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Hear snippets of BAM’s Chelsea Manning-inspired oratorio

One of the biggest leaks in foreign policy history becomes a multimedia experience at BAM.

BAM's Howard Gilman Opera House. (Photo by Flickr user Jeffrey Bary, used under a Creative Commons license)

When she was known as Bradley Manning, Chelsea Manning released to WikiLeaks a gigantic trove of secret documents about U.S. military activity overseas.

Manning has been sentenced to 35 years in prison for releasing the classified information. Since then, BAM (Brooklyn Academy of Music) recently showed a multimedia piece driven by the documents Manning leaked, called The Source.

From BAM:

Material for The Source (Oct 22-25, BAM Fisher) was drawn from primary source texts by librettist Mark Doten and set to music by composer Ted Hearne. Four singers housed in a visual and sonic installation bring the work to life with direction by Daniel Fish. The company inhabits a multimedia assemblage of Twitter feeds, cable news reports, court testimonies, and chat transcripts in a multimedia oratorio that investigates media hysteria, secrets, and identity amid digital chaos. Mark Doten provides context for excerpts from his libretto.

Listen to some samples from the performance here:

[soundcloud url=”https://api.soundcloud.com/playlists/55866888″ params=”auto_play=false&hide_related=false&show_comments=true&show_user=true&show_reposts=false&visual=true” width=”100%” height=”450″ iframe=”true” /]

Excerpts from the transcript are sung, usually by multiple voices. While a part of the point here is to disseminate the information, at least from the recordings, listeners will find themselves pretty low on context, even when they can make out the words.

Some additional context can be found here, on BAM’s Facebook page, in some annotations of documents used to produce some of the music.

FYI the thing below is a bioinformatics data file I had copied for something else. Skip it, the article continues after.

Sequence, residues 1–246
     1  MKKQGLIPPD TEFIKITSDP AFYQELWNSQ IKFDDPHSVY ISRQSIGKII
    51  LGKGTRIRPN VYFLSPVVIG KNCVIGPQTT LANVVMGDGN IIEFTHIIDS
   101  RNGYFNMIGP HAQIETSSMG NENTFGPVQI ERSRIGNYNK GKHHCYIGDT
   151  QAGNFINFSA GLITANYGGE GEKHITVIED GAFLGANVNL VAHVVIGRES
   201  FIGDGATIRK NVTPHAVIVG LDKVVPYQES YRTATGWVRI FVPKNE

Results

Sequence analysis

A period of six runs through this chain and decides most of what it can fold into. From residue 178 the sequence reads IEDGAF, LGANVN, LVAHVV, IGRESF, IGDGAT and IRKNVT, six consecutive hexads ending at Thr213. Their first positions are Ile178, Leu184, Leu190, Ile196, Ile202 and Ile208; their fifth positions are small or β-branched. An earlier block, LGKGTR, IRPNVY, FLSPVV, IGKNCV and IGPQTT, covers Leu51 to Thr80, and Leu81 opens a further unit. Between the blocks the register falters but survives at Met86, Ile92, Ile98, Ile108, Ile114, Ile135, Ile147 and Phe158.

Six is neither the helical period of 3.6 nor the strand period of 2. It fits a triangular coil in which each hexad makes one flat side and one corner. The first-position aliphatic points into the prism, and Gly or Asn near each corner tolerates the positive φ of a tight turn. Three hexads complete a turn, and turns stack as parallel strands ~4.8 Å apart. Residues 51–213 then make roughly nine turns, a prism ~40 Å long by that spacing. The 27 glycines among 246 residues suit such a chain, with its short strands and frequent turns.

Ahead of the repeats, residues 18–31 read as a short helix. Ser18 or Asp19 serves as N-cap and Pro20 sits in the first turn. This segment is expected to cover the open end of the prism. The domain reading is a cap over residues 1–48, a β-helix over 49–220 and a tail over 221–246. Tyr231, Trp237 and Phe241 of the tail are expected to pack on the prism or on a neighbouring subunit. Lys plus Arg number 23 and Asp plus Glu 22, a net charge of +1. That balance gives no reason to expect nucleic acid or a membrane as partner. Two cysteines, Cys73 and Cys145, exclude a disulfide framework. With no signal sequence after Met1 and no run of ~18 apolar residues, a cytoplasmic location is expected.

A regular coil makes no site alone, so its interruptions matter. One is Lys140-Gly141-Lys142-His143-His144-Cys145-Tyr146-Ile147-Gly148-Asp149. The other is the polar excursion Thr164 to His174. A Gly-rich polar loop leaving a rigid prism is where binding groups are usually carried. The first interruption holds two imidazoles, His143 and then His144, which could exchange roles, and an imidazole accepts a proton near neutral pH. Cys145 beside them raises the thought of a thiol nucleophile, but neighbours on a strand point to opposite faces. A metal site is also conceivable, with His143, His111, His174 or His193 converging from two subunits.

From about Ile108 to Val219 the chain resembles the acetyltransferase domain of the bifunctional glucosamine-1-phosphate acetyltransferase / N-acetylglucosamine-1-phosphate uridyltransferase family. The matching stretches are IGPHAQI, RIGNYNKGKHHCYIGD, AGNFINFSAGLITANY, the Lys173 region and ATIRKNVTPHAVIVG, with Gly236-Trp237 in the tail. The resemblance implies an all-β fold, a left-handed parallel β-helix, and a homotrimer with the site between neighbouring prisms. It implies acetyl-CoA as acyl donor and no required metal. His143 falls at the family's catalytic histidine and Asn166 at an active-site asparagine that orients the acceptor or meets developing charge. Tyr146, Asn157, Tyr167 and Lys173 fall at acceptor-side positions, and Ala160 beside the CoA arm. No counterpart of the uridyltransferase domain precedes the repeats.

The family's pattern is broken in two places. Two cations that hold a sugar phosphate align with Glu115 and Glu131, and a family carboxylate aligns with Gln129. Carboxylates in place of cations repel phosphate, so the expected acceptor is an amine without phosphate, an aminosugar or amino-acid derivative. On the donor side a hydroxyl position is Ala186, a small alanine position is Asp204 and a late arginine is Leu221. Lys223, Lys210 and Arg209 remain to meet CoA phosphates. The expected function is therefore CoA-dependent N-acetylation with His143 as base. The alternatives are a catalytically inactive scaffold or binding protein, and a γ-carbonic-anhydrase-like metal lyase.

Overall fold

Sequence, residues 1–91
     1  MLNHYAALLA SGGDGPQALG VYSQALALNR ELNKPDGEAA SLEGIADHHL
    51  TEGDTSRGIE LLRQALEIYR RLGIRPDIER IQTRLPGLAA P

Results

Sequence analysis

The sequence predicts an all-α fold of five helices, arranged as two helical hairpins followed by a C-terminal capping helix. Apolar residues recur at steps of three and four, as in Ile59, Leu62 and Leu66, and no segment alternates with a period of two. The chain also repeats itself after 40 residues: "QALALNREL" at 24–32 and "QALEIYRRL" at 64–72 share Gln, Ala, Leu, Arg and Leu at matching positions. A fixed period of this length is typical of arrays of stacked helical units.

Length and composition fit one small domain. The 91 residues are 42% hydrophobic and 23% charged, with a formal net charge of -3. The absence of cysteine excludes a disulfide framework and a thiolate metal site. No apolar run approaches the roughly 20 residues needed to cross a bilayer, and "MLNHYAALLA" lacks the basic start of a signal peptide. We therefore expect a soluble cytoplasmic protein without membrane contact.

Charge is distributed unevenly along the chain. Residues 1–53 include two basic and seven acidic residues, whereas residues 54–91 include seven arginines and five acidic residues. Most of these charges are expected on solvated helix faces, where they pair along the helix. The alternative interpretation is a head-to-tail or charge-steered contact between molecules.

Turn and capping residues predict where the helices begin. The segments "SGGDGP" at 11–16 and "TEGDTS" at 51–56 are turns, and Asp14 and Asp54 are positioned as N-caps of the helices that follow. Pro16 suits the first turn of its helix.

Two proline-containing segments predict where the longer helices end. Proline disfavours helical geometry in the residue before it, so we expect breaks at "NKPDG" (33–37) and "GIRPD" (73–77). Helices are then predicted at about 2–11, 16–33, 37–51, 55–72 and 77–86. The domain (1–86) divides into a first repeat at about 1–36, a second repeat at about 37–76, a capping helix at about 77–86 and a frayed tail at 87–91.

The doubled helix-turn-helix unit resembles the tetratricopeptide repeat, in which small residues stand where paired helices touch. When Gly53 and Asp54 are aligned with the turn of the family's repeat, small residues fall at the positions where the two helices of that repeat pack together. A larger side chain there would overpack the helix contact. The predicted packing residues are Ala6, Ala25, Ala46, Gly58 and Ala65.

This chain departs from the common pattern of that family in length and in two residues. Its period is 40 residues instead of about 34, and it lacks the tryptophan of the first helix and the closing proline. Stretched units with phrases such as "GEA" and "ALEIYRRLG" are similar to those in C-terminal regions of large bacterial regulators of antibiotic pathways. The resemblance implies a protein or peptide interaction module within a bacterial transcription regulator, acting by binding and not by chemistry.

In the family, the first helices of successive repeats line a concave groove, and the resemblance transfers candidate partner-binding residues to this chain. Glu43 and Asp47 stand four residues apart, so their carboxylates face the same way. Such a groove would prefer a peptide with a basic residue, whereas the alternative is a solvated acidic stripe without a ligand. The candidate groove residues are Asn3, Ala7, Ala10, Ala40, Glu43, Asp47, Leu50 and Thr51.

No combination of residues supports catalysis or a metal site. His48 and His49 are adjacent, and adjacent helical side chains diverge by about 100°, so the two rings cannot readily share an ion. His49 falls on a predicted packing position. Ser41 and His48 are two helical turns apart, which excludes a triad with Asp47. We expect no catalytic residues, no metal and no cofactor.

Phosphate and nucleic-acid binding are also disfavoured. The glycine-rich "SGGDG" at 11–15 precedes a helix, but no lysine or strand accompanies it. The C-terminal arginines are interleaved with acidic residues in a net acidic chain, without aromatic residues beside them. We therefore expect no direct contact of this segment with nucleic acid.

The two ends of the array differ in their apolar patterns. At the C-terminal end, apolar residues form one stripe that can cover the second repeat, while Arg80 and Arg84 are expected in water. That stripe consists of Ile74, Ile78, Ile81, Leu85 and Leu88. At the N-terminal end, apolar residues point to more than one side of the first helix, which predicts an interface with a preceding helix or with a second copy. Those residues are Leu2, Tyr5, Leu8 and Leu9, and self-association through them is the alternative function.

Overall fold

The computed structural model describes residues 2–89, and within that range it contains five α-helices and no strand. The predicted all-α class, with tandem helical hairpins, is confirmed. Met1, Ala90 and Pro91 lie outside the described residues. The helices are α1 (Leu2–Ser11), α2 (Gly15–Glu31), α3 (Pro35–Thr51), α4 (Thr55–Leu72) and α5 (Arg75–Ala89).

That said, the point probably isn’t to exactly spell it all out so much as it is to engage listeners with some of the content. The piece that’s easiest to follow is “Criminal Event.” A number of violent incidents or the aftermath of violent incidents are described, which should be enough, at least, to hold a listener’s attention.

[soundcloud url=”https://api.soundcloud.com/tracks/173051043″ params=”color=ff5500&auto_play=false&hide_related=false&show_comments=true&show_user=true&show_reposts=false” width=”100%” height=”166″ iframe=”true” /]

One of the collaborators, Daniel Fish, spoke to the objectives of the piece in an interview on the BAM blog:

But there’s a real tension there, or a risk because I want people to be engaged and I want them to be challenged. In the end, I want the audience’s experience to be a good experience. I love what David Lynch said before a screening of one of his films—he didn’t say “I hope you like it,” or “I hope you enjoy yourselves,” he said, “I hope you have a good experience.” And that can mean many different things, but I think that’s my hope.

Fish directed the overall performance and contributed a video component to the piece, which he made with Jim Findlay. It’s a selection of videos of normal people watching graphic videos. Much of the narrative of the Manning story was less about the content of what she released and more about the drama of its principal characters.

Series: Brooklyn

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